I'm talking specifically here about the two post-Moon studio albums: Face Dances and It's Hard. Which, when taken together with Pete Townshend's two contemporary solo records, Empty Glass and All The Best Cowboys Have Chinese Eyes, make a conceptual and musical whole that I find just as satisfying as any other period in the 'Oo's history.
See, what happened was that Pete was hitting middle age right at the moment when Moon died. The rise of punk and the death of Moon and the inevitable indignities that your body and mind visit upon you when you approach 40 all combined to give him, on the evidence of the lyrics at least, one hell of a righteous midlife crisis. And he could still write, to paraphrase a lyric from "You Better You Bet," write a razor line - and, as the song says, Daltrey could still sing it, and Entwistle could still play it. In other words, he still had most of one of the supplest rock bands in the world at his disposal. So why not stay together, at least long enough to explore the crashing waves of self-doubt that would inevitably attend upon the decision to stay together?
In short I see the decision to stay together, but hedge his bets by releasing his two best (and most Who-ish) solo albums at the same time, as a decision (perhaps not realized at the time) to end the Who with some of the most intensely ironic gestures of their career. Yes, the man who'd written "I hope I die before I get old" was now writing about getting old, and he appreciated the irony, thank you very much. Again, I don't have much use for either Pete's or the erstwhile Who's later stuff, but not because they hung on too long: I just think somehow that Pete lost it in the mid '80s. But he still had it up through '82.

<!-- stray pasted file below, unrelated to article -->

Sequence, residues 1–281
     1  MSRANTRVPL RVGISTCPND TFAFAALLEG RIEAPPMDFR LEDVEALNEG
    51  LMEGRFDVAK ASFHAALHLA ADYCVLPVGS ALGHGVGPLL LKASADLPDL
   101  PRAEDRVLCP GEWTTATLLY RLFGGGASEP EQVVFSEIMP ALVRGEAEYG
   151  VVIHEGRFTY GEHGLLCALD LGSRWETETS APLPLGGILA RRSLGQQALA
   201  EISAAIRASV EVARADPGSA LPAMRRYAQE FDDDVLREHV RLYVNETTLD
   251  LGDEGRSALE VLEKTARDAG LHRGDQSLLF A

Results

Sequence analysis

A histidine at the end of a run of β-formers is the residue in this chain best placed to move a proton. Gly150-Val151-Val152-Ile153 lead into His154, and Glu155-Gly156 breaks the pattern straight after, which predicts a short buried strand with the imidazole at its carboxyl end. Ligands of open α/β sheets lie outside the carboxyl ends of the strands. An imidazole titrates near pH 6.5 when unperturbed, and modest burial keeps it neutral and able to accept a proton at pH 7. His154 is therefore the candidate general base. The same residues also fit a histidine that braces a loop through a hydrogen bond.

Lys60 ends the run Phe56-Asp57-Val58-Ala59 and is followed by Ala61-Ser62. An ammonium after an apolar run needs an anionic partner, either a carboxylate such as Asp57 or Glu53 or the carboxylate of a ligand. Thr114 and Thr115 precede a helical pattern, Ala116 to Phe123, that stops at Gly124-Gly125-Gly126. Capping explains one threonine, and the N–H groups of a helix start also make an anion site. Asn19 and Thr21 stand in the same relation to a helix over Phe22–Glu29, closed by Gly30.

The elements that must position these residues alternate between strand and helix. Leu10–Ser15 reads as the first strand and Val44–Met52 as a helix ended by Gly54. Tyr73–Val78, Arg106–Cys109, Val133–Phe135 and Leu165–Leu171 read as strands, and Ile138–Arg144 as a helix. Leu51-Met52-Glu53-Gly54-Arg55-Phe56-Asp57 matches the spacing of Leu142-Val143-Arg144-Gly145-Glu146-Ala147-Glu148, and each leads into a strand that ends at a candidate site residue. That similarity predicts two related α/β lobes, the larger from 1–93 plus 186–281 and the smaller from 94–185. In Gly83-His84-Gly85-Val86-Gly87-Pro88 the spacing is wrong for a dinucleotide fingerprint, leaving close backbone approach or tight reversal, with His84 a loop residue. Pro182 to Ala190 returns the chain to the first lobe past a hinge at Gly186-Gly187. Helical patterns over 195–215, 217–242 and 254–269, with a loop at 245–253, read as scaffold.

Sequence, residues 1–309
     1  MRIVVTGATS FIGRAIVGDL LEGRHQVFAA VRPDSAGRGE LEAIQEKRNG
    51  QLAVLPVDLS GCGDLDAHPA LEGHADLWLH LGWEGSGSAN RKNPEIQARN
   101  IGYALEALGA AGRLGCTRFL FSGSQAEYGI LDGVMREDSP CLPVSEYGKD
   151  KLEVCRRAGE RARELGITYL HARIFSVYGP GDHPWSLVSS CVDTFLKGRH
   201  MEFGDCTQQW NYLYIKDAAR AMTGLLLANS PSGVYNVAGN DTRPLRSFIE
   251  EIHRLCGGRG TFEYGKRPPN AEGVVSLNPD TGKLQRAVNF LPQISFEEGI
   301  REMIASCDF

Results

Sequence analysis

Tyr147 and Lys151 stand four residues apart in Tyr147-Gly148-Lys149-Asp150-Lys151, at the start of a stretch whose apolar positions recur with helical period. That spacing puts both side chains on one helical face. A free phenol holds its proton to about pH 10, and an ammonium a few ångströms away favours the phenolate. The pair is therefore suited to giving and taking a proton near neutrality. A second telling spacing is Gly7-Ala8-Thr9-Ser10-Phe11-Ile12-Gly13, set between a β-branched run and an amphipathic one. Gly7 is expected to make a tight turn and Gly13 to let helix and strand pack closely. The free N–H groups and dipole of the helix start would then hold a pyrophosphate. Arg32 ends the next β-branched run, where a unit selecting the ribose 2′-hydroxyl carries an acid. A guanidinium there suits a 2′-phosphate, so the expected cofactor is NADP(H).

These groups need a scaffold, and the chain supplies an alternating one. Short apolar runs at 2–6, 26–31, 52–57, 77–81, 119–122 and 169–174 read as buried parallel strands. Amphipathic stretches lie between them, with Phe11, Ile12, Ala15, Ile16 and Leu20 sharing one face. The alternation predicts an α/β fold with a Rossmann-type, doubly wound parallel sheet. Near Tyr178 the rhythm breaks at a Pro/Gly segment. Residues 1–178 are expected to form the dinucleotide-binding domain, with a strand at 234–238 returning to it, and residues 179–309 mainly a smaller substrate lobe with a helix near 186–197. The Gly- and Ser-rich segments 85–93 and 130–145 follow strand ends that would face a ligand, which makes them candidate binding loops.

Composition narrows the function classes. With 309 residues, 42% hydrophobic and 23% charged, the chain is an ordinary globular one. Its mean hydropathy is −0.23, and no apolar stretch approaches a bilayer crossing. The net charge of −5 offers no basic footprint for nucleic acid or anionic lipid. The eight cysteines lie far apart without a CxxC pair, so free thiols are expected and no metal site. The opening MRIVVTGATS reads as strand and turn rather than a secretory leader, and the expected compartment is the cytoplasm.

And so he gives us beautiful, bittersweet bombs like "Daily Records." The musical setting alone should have shut up any detractors: it was the Who at their cod-classical best, bomping and chirping in Gilbert and Sullivan drag. Tight and silly and uplifting and muscly all at once: classic Who, this is. And the lyric: a guy who still feels like he knows the score trying to cope with the fact that the younger generation, his own kids, think he's old-fashioned. It's an immutable law of the world that once you pass 35, teenagers are going to think you're an old fogey, and this is true even if you're Pete fucking Townshend: and you may know that they're just snotty teens and don't know their heads from their asses, but you also know (and they know) that it doesn't matter, because they're young, and so they win. The end. And so the best you can do is denounce them cleverly, elegantly, but in the end weakly, in song: "When you are eleven, the whole world's out to lunch." Brilliant line.
And he gives us a more somber, introspective take on the same theme (of course part of the brilliant complexity of this last period of Who history is how Pete amps up the already well-established tension between his own lead vocals and Daltrey's, introspection versus extroversion, and stretches it out over whole albums set in dialogue against each other) in "Slit Skirts." If the speaker in "Daily Records" or "You Better You Bet" was content to assert that he still had the goods, the speaker here is facing up to the dark truth that he doesn't: "Slit skirts - Jeannie never wears those slit skirts / And I don't ever wear no ripped shirts / Can't pretend that growing older never hurts / Knee pants - Jeannie never wears no knee pants / We have to be so drunk to try a new dance / So afraid of every new romance."
Even the art is great. Look at the cover of It's Hard. Now remember that this is the band that built their careers on an album about pinball. Now catch the look on Pete's face.
Happy New Year.